The trans celebrity doesn't want labels on anything but her clothing.
Vivacious, interesting, and just a whole lot of fun is the best way to describe YouTube celebrity Lina Bradford: the girl with the Magic Eight Ball.
I was really excited to talk to her, and truth be told, I had never heard of her show “In the Doll House with Lina Bradford” before. I finally looked it up to prepare for our talk session, and ended up binging on the entire first season.
Season two premiered last month with a stellar lineup of A-List celebrities.
Although she is a trans woman, Lina is quick to point out she doesn’t want that to be the focus of her career, “I've never done labels. I've only worn them,” she laughs.
Lina conducts her interviews against a backdrop of dolls. These aren’t just any dolls; these are ones she’s collected throughout the years from her childhood in New York and well into her adult life.
They represent a history of pop culture in a way; epitomizing past trends from fashion to gadgetry.
The inaugural collection of “Dollhouse” interviews includes among other celebs: performer Vivian Bond, TV personality Bevy Smith and reality star Carson Kressley.
That first block of shows was the primer she needed to make some adjustments and updates going into the second season.
“I wanted to make certain, you know, that I did season one on my own and get everything under my belt because it was a new direction for me,” she said. “I wanted to make certain what needed to be done.”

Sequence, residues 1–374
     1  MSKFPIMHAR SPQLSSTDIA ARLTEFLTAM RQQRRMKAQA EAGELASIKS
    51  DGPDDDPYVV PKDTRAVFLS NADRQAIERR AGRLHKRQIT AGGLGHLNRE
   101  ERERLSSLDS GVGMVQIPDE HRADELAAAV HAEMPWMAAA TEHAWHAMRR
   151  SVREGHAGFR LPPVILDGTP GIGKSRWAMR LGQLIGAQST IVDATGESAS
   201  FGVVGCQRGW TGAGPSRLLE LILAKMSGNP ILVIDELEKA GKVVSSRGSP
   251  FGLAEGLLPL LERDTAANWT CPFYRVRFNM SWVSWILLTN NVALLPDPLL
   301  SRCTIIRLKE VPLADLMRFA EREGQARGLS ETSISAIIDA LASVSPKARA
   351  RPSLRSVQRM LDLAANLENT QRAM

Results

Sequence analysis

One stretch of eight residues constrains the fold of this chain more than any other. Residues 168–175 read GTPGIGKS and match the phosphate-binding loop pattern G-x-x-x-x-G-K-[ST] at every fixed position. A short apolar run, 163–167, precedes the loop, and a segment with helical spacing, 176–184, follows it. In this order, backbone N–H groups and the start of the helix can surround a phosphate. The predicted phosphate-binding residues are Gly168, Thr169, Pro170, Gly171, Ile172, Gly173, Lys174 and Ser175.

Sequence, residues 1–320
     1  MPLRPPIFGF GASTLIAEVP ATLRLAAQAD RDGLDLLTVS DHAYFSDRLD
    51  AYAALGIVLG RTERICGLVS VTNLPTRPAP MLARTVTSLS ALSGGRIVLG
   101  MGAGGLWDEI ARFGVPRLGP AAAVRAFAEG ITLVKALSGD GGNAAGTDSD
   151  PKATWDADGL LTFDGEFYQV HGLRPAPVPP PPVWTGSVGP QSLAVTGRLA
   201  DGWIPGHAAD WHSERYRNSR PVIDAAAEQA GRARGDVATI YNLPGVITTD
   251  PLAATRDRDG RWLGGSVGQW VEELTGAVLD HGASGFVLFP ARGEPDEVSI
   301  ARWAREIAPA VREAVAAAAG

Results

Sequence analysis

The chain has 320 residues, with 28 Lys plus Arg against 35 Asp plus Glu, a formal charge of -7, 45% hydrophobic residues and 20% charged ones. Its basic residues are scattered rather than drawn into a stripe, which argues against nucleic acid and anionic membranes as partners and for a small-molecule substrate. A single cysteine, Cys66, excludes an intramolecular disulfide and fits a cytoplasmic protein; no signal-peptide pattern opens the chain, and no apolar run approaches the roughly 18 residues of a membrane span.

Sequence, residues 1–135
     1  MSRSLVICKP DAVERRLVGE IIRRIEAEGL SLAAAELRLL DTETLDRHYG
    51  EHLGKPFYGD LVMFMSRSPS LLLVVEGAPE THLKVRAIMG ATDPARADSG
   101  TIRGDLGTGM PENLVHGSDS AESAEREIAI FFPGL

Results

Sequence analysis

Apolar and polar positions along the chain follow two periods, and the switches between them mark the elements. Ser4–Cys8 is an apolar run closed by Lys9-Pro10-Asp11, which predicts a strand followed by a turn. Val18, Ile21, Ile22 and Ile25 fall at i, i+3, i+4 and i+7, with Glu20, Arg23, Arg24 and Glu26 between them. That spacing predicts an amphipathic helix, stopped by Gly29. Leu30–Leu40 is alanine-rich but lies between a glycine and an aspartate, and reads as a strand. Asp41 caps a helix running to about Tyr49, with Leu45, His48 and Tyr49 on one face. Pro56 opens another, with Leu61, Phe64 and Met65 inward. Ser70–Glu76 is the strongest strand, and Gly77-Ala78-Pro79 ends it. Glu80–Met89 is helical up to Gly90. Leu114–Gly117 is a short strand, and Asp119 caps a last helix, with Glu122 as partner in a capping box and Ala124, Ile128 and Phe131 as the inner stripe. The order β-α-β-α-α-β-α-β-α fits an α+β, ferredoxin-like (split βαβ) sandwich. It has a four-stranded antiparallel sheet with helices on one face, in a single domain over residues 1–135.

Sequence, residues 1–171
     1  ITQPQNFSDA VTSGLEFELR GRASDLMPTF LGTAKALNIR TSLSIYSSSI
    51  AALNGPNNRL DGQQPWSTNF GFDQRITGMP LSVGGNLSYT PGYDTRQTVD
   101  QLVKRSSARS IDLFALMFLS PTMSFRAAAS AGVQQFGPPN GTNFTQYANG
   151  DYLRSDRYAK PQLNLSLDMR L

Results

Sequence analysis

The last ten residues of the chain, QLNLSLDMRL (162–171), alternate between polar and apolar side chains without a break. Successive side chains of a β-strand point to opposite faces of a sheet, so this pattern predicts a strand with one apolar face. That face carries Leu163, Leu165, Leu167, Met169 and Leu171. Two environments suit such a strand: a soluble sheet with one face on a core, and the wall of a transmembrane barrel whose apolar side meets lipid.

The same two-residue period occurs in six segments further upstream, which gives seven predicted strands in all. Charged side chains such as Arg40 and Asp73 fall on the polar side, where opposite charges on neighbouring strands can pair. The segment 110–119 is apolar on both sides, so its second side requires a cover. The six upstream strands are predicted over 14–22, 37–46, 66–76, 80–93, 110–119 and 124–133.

A part of her show’s charm is that she goes retro, a sort of school yard visual encyclopedia of culture that includes everything from children’s origami games to make-up and clothing.
Her references are mostly extracted from the 70’s and 80’s which are like comfort foods for a starving memory. Nowadays kids have plenty of babysitting electronics, but in an era where the term “latch key kid” was born, children had to find ways to entertain themselves usually cross-legged on the floor and fun within arm’s reach.
That small circle could be filled with anything from Hot Wheels to trading cards to Barbie Dolls, it was a time of criss-cross applesauce curiosity.
“You remember it, that’s how amazing it was,” she says, “The branding really got in your head. Like you remember ‘We wear short-shorts,’ you remember those jingles: they were just so genius, they stuck in my head forever.”
It’s this charm that permeates the host's interview style. A freestyle rap session which renders the guests comfortable and nostalgic.
“I love seeing people smile and laugh through my intellect and my goofiness and it’s literally carried me through my whole life and in my career,” Lina said. “You know I couldn’t have one without the other; it’s like my period dot com.”